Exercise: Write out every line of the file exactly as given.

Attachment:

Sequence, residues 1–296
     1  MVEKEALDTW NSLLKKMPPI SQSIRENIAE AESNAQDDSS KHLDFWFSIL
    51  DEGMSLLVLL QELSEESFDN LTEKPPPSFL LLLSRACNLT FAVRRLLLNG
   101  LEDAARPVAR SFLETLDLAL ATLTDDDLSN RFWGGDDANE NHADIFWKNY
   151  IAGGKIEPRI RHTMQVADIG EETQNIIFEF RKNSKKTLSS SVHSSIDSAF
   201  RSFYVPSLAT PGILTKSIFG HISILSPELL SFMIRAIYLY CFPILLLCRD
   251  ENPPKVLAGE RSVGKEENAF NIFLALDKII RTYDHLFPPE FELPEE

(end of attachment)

Sequence, residues 1–296
     1  MVEKEALDTW NSLLKKMPPI SQSIRENIAE AESNAQDDSS KHLDFWFSIL
    51  DEGMSLLVLL QELSEESFDN LTEKPPPSFL LLLSRACNLT FAVRRLLLNG
   101  LEDAARPVAR SFLETLDLAL ATLTDDDLSN RFWGGDDANE NHADIFWKNY
   151  IAGGKIEPRI RHTMQVADIG EETQNIIFEF RKNSKKTLSS SVHSSIDSAF
   201  RSFYVPSLAT PGILTKSIFG HISILSPELL SFMIRAIYLY CFPILLLCRD
   251  ENPPKVLAGE RSVGKEENAF NIFLALDKII RTYDHLFPPE FELPEE